It came out afterwards. Really what happened is that in April of 2003, when it hit Nuart, it was an instant, huge phenomenon. And then it came to New York. The Landmark really toured it a lot in that first year and it caught on as a result. The Alamo Drafthouse guys started showing it a lot in Austin, the Cinefamily guys in LA have shown it a bunch. They actually found an alternate cut with two deleted scenes. When I found that out I was ready to take a red eye over to LA to see it, but I couldn’t because of work. I would love to get the alternate cut and just view it privately.
The DVD came out in 2005, so it took a couple of years. Again, I think it's built a small following across the country because of the DVD, but nothing as great as some other cult movies. I don’t know if it will ever get as big of a following as some other cult movies, which is unfortunate because I think it’s a lot better than most cult movies that have huge followings.
What makes The Apple stand out from other cult movies?
Well, first of all I think it's a perfect movie. I think it's brilliant. I think it's a masterpiece—and that’s completely unironic. I look at every movie in two ways. I look at every movie and say, well what are the intentions of the movie and are they clear? And, does it achieve what it wants to do? Does it execute its intention clearly and obviously? To me, this movie is one of those few movies where its intentions are incredibly clear and it perfectly executes what it sets out to do. I mean, it’s hilarious.
A friend of mine said on the second viewing, when I turned to him and said, "There’s something to this. This is really smart; this is really self-aware; this knows what it’s doing." He said to me, "Joe, no accident works this well." Those lines! Every line lands. And the crowd responds so well without missing a beat, and the momentum just keeps going and going and going. Every scene outdoes the scene before it. [SPOILERS] The way it ends, with God coming down in the gold Rolls Royce—of course that’s how you end that movie! Of course! And still, the crowd at that final scene is ecstatic. They’re on their feet; they’re cheering! [END SPOILERS] It’s the only movie I’ve ever seen where you could honestly say, “hey do you want to reel this up again and watch it again, right now?” and I think most of the crowd would say "yeah" and they would stick around and they would see it for a second time. I mean, it’s awesome. It’s just totally fun and it’s really smart.
In the fourth production number, "Show Business," there’s that moment, I don’t know if you remember, but Shake, the snake character, walks up to Boogalow and he turns and... first of all, the whole song they break the fourth wall and Boogalow just enters that song singing right at you, which is so bold of the movie. The movie has to know what it’s doing if it’s going to look right at you and basically tell you that it knows what it’s doing. And Shake comes up and Boogalow turns and smacks him and then turns to the crowd and winks at you. That right there is the moment when you know it knows what it’s doing. "We got you. We’ve got you in the palm of our hands. Buckle in; enjoy the ride. We’re telling you we know what we’re doing." So I don’t think it’s a misfire. I don’t think it’s an accident. I don’t think it’s “so bad it’s good. Compared to other cult movies—I mean Xanadu is dreadful. There are a couple of moments that are interesting, but overall it is a dreadful movie. Sextette is a dreadful movie, you know? Can’t Stop the Music is a dreadful movie. Those movies don’t play well; they’re not enjoyable. This movie is... beyond words! I’ve brought so many people to it more than once. People that never go to movies more than once have been to see it five times. It’s so great.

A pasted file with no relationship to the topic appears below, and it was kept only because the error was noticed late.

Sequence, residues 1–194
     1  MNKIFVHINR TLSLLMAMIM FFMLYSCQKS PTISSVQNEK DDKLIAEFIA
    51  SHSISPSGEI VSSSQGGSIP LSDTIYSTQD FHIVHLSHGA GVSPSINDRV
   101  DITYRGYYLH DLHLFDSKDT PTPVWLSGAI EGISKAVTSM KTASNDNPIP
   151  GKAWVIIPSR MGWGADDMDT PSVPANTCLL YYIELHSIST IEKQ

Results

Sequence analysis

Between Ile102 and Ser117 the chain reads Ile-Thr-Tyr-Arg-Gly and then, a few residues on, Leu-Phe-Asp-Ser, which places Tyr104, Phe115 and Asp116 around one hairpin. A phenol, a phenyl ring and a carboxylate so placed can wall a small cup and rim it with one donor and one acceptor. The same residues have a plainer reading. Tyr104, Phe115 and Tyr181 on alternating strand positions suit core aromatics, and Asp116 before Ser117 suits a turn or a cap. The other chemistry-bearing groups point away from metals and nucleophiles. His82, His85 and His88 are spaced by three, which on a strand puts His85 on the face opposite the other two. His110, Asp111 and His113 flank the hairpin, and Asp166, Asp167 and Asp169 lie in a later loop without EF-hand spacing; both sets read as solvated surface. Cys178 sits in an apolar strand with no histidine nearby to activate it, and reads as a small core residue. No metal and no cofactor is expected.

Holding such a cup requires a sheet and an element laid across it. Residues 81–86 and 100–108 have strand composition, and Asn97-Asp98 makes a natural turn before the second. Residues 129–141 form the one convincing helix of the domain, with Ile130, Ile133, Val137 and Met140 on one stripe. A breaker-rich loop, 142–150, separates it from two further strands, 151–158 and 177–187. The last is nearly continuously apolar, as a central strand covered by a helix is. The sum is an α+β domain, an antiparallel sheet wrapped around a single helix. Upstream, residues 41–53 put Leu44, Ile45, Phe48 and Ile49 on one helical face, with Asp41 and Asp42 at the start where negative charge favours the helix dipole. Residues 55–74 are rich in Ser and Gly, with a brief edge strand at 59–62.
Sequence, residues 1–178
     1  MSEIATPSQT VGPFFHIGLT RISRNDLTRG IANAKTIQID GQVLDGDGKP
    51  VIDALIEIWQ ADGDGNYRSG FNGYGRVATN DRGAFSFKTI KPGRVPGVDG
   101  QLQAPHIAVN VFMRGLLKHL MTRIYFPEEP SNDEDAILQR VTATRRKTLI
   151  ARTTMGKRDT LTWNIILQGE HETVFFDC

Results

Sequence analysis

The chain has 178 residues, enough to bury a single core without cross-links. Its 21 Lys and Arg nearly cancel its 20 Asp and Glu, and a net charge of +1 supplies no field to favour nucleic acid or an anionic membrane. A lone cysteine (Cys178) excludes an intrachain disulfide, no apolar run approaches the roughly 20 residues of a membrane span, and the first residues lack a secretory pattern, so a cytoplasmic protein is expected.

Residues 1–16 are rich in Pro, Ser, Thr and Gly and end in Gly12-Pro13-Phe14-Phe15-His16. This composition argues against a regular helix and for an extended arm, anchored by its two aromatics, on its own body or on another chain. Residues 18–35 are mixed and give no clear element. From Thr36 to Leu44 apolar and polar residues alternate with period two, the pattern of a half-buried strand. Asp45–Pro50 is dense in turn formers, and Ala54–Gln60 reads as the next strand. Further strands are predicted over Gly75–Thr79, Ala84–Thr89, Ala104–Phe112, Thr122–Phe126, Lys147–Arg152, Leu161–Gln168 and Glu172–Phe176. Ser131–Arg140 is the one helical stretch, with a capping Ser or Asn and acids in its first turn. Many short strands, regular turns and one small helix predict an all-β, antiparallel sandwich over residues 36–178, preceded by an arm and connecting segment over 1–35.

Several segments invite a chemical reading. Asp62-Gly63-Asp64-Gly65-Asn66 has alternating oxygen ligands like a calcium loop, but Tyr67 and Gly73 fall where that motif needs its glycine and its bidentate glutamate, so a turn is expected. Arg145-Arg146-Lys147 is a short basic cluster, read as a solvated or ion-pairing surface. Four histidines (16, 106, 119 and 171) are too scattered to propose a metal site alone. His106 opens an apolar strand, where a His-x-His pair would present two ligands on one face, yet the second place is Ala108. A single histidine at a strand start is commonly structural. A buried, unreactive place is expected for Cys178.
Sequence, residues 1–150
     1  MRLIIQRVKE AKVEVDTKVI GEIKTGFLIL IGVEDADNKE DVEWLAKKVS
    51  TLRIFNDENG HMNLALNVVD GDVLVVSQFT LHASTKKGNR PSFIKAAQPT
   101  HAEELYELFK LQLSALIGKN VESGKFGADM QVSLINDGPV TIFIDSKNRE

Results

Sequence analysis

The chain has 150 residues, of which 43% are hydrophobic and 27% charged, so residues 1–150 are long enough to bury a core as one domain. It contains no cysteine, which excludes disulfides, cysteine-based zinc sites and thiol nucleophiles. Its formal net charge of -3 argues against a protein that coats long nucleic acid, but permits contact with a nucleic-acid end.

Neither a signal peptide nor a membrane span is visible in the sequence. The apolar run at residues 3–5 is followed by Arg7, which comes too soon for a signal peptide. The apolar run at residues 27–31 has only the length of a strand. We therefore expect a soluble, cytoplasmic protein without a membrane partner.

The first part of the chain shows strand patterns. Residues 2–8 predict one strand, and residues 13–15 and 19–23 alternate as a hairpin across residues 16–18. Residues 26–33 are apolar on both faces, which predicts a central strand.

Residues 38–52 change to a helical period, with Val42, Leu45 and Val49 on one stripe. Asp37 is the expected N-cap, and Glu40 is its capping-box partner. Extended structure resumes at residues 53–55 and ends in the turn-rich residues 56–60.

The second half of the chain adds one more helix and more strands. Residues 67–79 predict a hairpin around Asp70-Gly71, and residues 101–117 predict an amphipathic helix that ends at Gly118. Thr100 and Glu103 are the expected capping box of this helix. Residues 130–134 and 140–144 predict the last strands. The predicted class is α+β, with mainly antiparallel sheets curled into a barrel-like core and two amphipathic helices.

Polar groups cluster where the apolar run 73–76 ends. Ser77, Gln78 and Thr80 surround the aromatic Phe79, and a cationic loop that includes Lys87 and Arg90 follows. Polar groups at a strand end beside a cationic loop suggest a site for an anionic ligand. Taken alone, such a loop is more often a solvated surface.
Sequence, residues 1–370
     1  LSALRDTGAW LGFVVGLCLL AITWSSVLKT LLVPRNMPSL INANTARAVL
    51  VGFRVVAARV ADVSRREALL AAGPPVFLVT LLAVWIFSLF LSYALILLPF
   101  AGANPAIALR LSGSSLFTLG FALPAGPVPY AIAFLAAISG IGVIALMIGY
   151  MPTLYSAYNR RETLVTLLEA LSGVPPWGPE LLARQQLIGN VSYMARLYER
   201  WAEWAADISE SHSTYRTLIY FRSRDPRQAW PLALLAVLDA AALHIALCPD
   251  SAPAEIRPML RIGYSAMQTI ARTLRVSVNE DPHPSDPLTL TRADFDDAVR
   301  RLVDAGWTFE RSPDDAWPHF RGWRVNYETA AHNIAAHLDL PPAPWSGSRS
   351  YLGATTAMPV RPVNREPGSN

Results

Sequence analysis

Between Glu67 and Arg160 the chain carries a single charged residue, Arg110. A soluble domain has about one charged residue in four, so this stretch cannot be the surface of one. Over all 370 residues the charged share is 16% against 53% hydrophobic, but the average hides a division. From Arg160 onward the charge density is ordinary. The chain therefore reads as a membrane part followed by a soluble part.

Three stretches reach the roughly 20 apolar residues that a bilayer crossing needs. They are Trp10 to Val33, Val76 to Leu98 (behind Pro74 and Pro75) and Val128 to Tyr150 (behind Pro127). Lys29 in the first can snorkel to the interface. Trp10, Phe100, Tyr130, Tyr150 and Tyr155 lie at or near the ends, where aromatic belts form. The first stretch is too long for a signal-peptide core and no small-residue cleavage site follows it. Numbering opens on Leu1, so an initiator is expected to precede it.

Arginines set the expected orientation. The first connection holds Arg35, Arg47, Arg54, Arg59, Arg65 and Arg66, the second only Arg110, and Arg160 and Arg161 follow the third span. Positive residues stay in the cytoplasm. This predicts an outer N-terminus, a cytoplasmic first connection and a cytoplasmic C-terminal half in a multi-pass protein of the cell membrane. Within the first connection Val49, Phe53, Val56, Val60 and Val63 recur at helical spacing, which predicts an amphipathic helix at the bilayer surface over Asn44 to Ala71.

I don’t know if you want to talk trash about this, but why is The Apple better than The Rocky Horror Picture Show?
I wouldn’t say it’s better, but I wouldn’t say it’s worse. I’d say they’re two different movies. Rocky Horror is amazing. But, again, Rocky Horror achieves what it sets out to do and I think it’s very clear and I think it’s very obvious what its intentions are, but it’s also really different. There’s a savvy that Rocky Horror has. I don’t want to say it’s smarter than The Apple; I think The Apple is just more silly and more zany. Richard O’Brien was kind of harking back to the 50s and the 60s and old classic William Castle-style, triple feature films with that character, Frank-N-Furter, and kind of what they were doing with the music. I think that Apple is a more direct reference to movies that happened more immediately, like Saturday Night Fever, Grease, and Rocky Horror Picture Show. I think The Apple is much more a comment of the time it is immediately in, so there is not as much depth to it as Rocky Horror Picture Show. That might be why Rocky Horror stands out a bit more and has a much bigger following. Maybe there’s a bit more depth to Rocky Horror Picture Show than The Apple.
But the Apple is so bombastic and so postmodern. It’s postmodern before that term even existed. Fischerspooner and Matthew Barney have nothing on it. Lady Gaga has nothing on that movie. It’s so insane: the hair, the make up, the costumes. It’s very bold and it’s really fun. They’re having the time of their lives. You can really sense that. It’s like the same 60 extras in every scene, with all different costumes. The shoes never match, which is a big nit-picky point of mine. Take a look at that next time—they never have matching shoes. But they’re all having a great time.